55. Using outcomes theory to solve important conceptual and practical problems in evaluation, monitoring and performance management
  56. Free-form visual outcomes models versus output, intermediate and final outcome ‘layered’ models
  57. Key outcomes, results management and evaluation resources
  58. Outcomes systems – checklist for analysis
  59. Having a common outcomes model underpinning multiple organizational activities
  60. What is best practice?
  61. Best practice representation and dissemination using visual outcomes models
  62. Action research: Using an outcomes modeling approach
  63. Evaluation questions – why they should be mapped onto a visual outcomes model
  64. Overly-simplistic approaches to outcomes, monitoring and evaluation work
  65. Evaluation types: Formative/developmental, process and impact/outcome
  66. Terminology in evaluation: Approaches, types (purposes), methods, analysis techniques and designs
  67. United Nations Results-Based Management System – An analysis
  68. Selecting impact/outcome evaluation designs: a decision-making table and checklist approach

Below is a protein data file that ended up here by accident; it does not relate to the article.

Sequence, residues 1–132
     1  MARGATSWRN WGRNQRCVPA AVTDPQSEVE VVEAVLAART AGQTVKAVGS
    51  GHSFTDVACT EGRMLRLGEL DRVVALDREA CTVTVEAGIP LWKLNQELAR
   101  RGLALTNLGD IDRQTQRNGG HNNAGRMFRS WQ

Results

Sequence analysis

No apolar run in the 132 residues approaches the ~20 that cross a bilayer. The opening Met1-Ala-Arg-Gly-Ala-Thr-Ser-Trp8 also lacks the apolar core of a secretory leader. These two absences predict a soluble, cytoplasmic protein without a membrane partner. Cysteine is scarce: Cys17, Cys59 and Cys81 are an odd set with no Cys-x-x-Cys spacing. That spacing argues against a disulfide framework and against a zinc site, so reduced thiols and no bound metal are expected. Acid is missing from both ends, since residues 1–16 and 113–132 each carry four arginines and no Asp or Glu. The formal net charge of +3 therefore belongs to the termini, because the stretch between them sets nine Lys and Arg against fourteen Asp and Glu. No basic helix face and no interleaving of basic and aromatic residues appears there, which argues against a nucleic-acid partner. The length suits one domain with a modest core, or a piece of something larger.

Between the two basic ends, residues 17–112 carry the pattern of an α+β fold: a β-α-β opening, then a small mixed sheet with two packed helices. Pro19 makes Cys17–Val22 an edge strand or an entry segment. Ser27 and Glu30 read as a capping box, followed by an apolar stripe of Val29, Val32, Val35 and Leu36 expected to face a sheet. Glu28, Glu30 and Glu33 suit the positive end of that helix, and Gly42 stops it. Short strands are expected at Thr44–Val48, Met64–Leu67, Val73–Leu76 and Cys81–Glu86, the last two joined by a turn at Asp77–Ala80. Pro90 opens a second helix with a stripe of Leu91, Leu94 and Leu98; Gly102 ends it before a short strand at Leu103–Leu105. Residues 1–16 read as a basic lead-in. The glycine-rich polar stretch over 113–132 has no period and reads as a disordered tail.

69. Definitions used in outcomes theory
  70. Balanced Scorecard and Strategy Maps – an analysis
  71. The error of limiting focus to only the attributable
  72. Reframing program evaluation as part of collecting strategic information for sector decision-making
  73. Distinguishing evaluation from other processes (e.g. monitoring, performance management, assessment, quality assurance)
  74. Full roll-out impact/outcome evaluation versus piloting impact/outcome evaluation plus best practice monitoring
  75. References to outcomes theory
  76. Techniques for improving constructed matched comparison group impact/outcome evaluation designs